Each day we drove by van to the village of El Cacao to work in a small purpose-built clinic, along the main highway, with a constant view of the spectacular Pico Bonito mountains inland along the route. The tops were often shrouded in cloud. There was a colony of MONTEZUMA OROPENDOLA nests in a dead tree by the road, which we were able to stop and photograph. Also present were more Orioles, and a GIANT COWBIRD. The village itself was a delight, and in the odd few moments when I surfaced to get some fresh air, the clinic was surrounded by trees full of GREAT KISKADEES, SOCIAL FLYCATCHERS, GROOVE-BILLED ANIS, MELODOUS BLACKBIRDS, and some of the other species already mentioned, to say nothing of the constant crowd of children who had never seen binoculars before, and who were amazed that a “gringo doctor” should be interested in their commonplace Honduras birds.
One evening we made a brief stop at a beach on the way back to La Ceiba, and saw BLACK-BELLIED PLOVER, WHIMBREL,and 5 species of HERON. The highlights of the day at the end at Roatan were largely seen through a mask and snorkel, as the island is at the end of the vast coral reef extending from Cozumel southwards past Belize, and a mecca for Scuba divers. But interesting birds included several more shorebirds, MAGNIFICENT FRIGATEBIRDS cruising overhead as we were snorkelling, 8 species of HERON, several YELLOW-THROATED WARBLERS, MANGROVE VIREOS and the local Hummer, endemic to the area and north as far as Cozumel, CANIVET’S EMERALD.
On the last day of our visit we arranged to stay at some cabins along the Cangrejal River just into the mountains behind La Ceiba, run by Udo Witteman of Omega Tours – very cheap and basic, but comfortable, with wonderful home-cooked Honduran food and a spectacular location, surrounded by rugged but tree-covered mountains. The grounds were full of orange and lime trees, and numerous flowering trees and shrubs. More of the same birds were present, with the addition of a pair of BLACK-HEADED TROGONS, BLUE-CROWNED MOTMOT, OLIVACEOUS WOODCREEPER, MASKED TITYRA, HOUSE WREN, BROWN JAY and WHITE-COLLARED SEADEATER. Best of all was the experience of sitting on the hillside at dusk as the fireflies came out and flashed like stars on the ground all around us, and PARAUQUES started their weird cries and were occasionally visible as they glided silently by. The next morning we were taken by Udo on a guided hike along the river and up a steep trail to a spectacular waterfall, with few birds, but a most interesting explanation of the local forest ecology. The total cost of the day at Roatan and the day in the mountains, including local flights to and from the island, and the accommodation, was around $250 U.S. per person.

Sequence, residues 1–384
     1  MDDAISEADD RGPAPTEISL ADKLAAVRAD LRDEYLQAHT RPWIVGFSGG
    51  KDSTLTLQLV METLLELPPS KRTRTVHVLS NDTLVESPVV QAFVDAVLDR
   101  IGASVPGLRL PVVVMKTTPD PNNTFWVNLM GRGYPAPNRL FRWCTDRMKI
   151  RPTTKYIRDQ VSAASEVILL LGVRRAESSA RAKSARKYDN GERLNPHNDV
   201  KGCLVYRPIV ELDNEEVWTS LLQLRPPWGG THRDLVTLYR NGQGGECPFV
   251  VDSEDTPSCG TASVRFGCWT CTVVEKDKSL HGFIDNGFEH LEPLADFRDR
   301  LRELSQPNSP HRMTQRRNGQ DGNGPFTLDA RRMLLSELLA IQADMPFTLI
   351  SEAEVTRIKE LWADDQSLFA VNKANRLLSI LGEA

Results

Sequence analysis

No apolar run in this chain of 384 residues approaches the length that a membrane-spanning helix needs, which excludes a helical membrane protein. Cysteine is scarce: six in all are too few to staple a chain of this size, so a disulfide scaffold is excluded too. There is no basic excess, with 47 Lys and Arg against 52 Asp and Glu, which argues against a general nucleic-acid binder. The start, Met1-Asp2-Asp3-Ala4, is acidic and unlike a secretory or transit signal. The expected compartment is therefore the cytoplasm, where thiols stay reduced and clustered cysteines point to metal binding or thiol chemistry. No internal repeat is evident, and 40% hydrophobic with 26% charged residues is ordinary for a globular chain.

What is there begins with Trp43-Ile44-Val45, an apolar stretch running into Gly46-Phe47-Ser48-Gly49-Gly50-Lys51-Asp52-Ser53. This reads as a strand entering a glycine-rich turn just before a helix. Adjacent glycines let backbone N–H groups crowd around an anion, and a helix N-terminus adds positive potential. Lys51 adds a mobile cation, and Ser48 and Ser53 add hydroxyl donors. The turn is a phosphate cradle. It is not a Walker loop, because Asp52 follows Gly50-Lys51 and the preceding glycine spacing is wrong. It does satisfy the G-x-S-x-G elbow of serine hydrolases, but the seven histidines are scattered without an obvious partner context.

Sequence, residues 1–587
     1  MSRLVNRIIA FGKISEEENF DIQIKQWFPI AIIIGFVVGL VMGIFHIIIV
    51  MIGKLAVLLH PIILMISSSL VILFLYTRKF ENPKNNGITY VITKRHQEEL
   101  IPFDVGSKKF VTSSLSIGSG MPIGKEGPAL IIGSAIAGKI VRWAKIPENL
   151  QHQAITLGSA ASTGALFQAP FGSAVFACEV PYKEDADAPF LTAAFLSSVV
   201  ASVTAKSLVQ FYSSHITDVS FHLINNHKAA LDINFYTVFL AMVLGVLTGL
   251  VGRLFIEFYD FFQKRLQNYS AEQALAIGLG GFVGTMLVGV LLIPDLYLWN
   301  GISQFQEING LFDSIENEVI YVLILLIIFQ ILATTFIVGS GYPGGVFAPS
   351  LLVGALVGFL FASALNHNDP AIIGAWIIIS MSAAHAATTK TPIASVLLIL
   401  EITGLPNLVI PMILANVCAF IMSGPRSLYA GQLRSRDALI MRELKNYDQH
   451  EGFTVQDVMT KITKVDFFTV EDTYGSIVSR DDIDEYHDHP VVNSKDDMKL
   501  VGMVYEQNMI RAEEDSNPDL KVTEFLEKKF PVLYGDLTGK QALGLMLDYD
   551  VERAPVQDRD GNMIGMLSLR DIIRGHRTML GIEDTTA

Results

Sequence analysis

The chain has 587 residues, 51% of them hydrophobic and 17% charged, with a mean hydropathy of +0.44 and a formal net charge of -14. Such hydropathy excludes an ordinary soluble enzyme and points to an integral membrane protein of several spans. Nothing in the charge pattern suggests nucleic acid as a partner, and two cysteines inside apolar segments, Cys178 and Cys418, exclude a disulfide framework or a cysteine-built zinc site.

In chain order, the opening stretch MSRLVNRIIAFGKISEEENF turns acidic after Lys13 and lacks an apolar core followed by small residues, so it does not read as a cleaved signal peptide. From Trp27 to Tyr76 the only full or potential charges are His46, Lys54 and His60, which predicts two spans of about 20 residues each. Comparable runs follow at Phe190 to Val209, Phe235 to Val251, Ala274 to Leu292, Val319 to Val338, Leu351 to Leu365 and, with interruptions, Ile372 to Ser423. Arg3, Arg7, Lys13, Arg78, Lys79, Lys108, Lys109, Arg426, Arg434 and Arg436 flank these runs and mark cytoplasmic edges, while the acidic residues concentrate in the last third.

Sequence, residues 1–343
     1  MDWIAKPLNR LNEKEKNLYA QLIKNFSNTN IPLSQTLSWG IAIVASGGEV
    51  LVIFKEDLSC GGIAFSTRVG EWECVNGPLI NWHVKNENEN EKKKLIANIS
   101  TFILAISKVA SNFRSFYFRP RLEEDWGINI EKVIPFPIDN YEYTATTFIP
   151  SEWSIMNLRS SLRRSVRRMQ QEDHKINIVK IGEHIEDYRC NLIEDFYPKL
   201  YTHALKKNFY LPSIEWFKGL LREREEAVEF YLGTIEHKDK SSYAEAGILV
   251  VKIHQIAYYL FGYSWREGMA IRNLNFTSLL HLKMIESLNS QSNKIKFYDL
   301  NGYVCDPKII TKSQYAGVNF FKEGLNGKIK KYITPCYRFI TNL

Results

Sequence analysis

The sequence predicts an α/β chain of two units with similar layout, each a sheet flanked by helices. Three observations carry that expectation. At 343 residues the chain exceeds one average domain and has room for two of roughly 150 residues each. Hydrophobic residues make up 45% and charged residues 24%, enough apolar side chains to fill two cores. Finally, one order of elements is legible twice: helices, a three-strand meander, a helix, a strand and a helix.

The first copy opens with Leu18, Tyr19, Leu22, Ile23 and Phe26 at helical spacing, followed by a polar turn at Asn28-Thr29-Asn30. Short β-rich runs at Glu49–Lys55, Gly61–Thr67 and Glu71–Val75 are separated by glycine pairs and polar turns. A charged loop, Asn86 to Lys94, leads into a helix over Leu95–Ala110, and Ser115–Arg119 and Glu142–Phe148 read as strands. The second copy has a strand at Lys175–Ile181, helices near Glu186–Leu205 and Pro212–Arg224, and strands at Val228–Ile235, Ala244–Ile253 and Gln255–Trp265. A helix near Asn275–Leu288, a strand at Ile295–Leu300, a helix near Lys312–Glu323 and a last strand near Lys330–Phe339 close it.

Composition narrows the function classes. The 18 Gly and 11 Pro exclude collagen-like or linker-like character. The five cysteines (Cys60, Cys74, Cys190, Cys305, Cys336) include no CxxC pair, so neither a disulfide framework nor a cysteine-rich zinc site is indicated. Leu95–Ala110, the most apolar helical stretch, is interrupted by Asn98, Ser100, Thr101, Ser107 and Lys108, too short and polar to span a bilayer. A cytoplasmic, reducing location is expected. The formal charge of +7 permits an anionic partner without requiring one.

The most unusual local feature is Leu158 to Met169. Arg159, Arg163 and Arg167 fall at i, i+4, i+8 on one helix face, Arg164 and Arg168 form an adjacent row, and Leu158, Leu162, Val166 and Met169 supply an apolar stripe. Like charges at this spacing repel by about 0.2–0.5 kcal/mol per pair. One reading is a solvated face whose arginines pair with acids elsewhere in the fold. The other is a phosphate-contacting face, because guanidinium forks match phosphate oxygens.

On the way back we overnight-ed in Houston, Texas, and a quick stroll behind the Quality Inn Hotel near the airport the next morning yielded 16 common N.American species, including VESPER SPARROW.
I suspect that a birder who has visited Belize may not find much new in this area, but it felt safe, the people were delightful, and off the beaten track certainly looks as though it has great potential as a birding area, which has yet to be realized. I’m sure that if I had had more time for birding, I would have easily had a list of 150 – 200 species, but under the circumstances I could only muster up 55. It would have helped if I had known the local bird songs and calls!
The 2 essential books I took were A Field Guide to the Birds of Mexico and Northern Central America, by Howell and Webb, which by virtue of its size tended to stay in the house for reference in the evening, and A Field Guide to Mexican Birds, by R.T.Peterson, which was less detailed but fitted into a large pocket.
by Richard Stern